Born in Bologna in 1990, Marco Rambaldi is one of Milan's young, young design talents. After presenting his first womenswear collection during Milan Fashion Week 2014, he was awarded the Next Generation award and has since won numerous prestigious awards for emerging designers. , including the Vogue Talent Award. Now he's officially established as a label, and defining his creative vision as a clash of two worlds: the '70s Italian bourgeoisie with its reactionary, repetitive norms repeated daily and a completely youthful, emotional, transversal, new aesthetic. This approach often involves recapturing dated crafts, such as crochet or patchwork, in a quirky, modern way. His collections range from simple everyday wear with a pop vibe to more sophisticated evening wear with a sartorial cut.
Versace was founded in Milan in 1978 by Gianni Versace, who grew up in the south of Italy, learning the trade from his seamstress mother. Versace became known for its exotic charm, typically using innovative materials to create sexy, feminine dresses. His sculptural siren dresses have become his signature silhouette, and the brand's logo, the head of the Medusa fascination, is a recurring motif. In 1997, Versace was shot and killed outside his Miami Beach mansion. In the New York Times obituary, Anna Wintour endorsed his strategic flirtation with the media by saying, “He was the first to recognize the value of celebrity in the first place.” front seats, and the value of supermodels, and put fashion on the international media platform. Following Gianni's death, his sister Donatella took over as artistic director and has spearheaded and expanded the brand ever since.
Founded in Milan in 1994 by Consuelo Castiglioni, Marni soon became internationally known for its innovative prints and colors and experimental collections. When Castiglioni stepped down in 2016, Marni appointed Francesco Risso as creative director, opening a new chapter for the brand. Risso has managed to keep Castiglioni's fans happy by maintaining the label's reputation for blending eccentricity with intellectualism, while also coming up with ideas of his own. Risso draws inspiration from the art world, from social issues and from the people around him. His creations are told in a distinctive way, with each piece telling a story and infusing a visionary aesthetic. His attention to sustainability has been welcomed by critics worldwide.
11- Lucio Vanotti
Lucio Vanotti was born in 1975, and he studied fashion design at Milan's prestigious fashion school Istituto Marangoni. After being one of the finalists at Who Is On Next? During the Pitti Immagine Uomo international men's event (June 2012, Florence), he decided to launch his own eponymous brand, designing and producing both men's and women's collections. His fashion sense is reasonable and necessary. The design process is clear, fast and efficient, as if ruled by a mathematical formula, and aims to achieve a perfect simplicity. Lucio Vanotti fuses beauty and utility, dry form and delicate shape. Garments are stripped clean, leaving only the essentials. His conceptual approach is shared by a number of other contemporary Italian and international designers who react to minimalism with an overwhelming society.
12- Gabriele Colangelo
Gabriele Colangelo Wins Who Is On Next? organized by Vogue Italia - in 2008. He then launched his brand in Milan, which reinvented the concept of timeless elegance and luxury. Young Italian designers often use only the finest materials for their creations, and they often apply old-school weaving, knitting and weaving techniques: this is primarily a reaction to fashion. fast and poor quality products. Colangelo personally researches the highest quality fabrics and textiles that contribute to his collection. His work is inspired by contemporary art and architecture, and his clothes are the pieces of an educated, educated, art-savvy (money) woman. In 2014, Colangelo was the only Italian designer to be voted a finalist at the prestigious LVMH awards, and in February 2015 luxury brand Giada selected him as its new creative director.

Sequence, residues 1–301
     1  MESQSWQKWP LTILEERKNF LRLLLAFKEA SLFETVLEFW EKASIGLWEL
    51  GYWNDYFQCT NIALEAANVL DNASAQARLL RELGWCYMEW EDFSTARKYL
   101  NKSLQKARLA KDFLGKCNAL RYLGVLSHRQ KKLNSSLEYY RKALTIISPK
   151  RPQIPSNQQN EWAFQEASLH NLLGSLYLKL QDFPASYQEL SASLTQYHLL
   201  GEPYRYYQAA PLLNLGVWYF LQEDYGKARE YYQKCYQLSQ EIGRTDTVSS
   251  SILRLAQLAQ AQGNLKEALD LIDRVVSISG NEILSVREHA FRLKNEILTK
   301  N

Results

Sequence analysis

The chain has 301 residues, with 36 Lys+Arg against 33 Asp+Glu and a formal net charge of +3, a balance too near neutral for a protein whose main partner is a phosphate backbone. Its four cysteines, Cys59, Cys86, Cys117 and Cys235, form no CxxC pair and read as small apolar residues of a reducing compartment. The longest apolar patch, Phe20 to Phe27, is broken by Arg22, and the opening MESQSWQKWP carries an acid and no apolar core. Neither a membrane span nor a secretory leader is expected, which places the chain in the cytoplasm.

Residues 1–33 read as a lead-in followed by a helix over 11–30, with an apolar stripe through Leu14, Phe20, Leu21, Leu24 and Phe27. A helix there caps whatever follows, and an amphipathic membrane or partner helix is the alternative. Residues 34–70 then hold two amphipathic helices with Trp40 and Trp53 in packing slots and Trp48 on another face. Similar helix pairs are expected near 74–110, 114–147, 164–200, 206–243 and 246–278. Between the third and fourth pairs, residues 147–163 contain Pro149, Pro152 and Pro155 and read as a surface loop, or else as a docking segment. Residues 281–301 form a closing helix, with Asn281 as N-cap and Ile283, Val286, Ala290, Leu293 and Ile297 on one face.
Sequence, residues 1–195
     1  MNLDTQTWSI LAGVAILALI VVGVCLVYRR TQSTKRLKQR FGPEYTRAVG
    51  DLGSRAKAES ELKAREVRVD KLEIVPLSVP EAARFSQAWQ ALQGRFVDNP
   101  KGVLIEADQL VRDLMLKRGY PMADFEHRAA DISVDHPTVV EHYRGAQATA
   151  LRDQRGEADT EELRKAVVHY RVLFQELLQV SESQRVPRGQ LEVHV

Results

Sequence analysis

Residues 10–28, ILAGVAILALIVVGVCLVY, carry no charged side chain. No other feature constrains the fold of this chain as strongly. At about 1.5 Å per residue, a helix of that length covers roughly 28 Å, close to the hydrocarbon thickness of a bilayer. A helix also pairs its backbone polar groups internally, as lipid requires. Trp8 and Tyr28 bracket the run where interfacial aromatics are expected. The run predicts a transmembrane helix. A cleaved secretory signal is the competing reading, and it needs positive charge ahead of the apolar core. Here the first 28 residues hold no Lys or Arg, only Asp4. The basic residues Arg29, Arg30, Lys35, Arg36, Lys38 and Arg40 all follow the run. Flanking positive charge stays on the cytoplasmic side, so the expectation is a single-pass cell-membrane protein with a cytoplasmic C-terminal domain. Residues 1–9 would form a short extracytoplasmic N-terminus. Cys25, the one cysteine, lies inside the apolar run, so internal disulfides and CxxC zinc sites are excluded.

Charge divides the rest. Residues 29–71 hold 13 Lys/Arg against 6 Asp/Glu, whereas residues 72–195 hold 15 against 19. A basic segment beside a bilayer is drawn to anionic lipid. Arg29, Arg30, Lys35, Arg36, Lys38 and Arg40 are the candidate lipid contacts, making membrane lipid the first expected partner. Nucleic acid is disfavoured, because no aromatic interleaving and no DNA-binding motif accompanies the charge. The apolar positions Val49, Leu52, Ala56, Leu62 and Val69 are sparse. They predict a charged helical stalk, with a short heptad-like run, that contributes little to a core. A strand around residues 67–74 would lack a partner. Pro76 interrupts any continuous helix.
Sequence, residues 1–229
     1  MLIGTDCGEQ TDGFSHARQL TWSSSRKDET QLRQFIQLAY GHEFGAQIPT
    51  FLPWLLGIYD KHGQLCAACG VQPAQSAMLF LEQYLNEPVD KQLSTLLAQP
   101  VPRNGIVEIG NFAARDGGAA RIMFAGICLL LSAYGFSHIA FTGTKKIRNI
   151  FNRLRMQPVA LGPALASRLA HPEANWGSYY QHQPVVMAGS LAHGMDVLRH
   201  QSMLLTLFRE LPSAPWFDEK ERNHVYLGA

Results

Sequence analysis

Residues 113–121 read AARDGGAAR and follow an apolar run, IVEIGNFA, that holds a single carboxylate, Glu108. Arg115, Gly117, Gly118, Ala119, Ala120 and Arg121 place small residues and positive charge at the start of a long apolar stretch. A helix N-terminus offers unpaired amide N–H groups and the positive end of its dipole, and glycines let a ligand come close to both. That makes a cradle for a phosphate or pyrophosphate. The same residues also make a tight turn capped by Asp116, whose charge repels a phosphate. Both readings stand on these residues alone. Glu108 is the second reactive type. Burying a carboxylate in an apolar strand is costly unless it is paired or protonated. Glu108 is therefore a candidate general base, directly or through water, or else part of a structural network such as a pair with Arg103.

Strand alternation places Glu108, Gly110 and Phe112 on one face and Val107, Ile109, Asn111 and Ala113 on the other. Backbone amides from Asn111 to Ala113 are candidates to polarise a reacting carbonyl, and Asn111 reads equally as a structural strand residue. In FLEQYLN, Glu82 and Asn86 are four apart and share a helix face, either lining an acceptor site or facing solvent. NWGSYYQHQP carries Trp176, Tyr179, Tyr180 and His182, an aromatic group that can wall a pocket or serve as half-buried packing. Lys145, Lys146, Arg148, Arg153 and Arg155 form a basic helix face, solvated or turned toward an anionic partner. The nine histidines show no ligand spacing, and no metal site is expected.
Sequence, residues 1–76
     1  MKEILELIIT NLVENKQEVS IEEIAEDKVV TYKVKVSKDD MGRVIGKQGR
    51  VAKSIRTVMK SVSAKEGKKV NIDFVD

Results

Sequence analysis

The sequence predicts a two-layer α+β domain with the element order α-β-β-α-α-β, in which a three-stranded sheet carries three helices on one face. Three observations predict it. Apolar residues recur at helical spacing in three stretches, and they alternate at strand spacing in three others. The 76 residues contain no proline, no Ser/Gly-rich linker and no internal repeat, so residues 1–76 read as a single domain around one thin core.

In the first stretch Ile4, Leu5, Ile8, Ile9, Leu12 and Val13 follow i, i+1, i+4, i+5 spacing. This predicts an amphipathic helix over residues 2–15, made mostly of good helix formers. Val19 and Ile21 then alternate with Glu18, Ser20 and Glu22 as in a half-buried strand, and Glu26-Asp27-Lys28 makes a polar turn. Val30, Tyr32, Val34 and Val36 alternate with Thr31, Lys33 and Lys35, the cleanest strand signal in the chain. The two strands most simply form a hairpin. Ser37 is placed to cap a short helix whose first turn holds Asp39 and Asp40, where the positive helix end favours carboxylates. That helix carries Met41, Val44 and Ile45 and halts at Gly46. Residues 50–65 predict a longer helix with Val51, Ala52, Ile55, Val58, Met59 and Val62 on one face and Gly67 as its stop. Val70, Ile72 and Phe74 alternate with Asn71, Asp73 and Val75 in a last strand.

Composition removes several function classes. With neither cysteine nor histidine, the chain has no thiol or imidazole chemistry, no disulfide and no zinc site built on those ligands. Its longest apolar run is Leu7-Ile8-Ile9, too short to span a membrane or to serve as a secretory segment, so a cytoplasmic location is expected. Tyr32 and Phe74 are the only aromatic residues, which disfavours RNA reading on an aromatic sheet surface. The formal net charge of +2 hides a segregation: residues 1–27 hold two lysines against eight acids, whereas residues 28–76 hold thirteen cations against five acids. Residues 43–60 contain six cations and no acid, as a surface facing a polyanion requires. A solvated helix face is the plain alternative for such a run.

13- Albino Teodoro
Albino Teodoro is another winner of Who Is On Next (2005) and another proud member of the concept/minimalist fashion movement. Basically, he collaborated with all the important brands in the industry before and after launching his own label - Emmanuel Ungaro, Guy Laroche, Emilio Pucci, Louis Vuitton, Dolce & Gabbana, Versace, Karl Lagerfeld , Les Copains, Trussardi and Vionnet. These prestigious collaborations have contributed to his multifaceted background and helped him shape his own style, as well as making him a well-known and highly regarded name in the world of modern times. page - which certainly helped speed up the launch of his brand. Had he not chosen a career in fashion, Albino Teodoro would have become an architect; this explains his love for clean, sculptural shapes with a couture flair. His style is sober and polished, so polished that it becomes almost ironic, mocking the contemporary obsession with excess and excessive skin.
14- Arthur Arbesser
Born and raised in Vienna, Arthur Arbesser was immersed in the history and culture of the city during his studies. In particular, he showed an interest in the artistic and architectural works of the Vienna Secession, graphic elements that can be recognized in Arbesser's collections today. After graduating from Central Saint Martins College in London, he moved to Milan to work for a top fashion house for several years. After launching his label in 2014 and being a finalist for the 2015 LVMH Awards, he quickly became recognized for his modern aesthetic, sophisticated style and personal design language. The press often describes him as one of the most culturally advanced and creative designers of his generation, and his show is one of kermesse Milanese's most anticipated. Arbesser is an elegant personality: in addition to his name-brand, he is the creative director of the Italian brand Fay, he works on many collaborations from furniture to product design, and he designs. costumes for ballet and opera.
This article is an updated version of a story created by Raphaele Varley.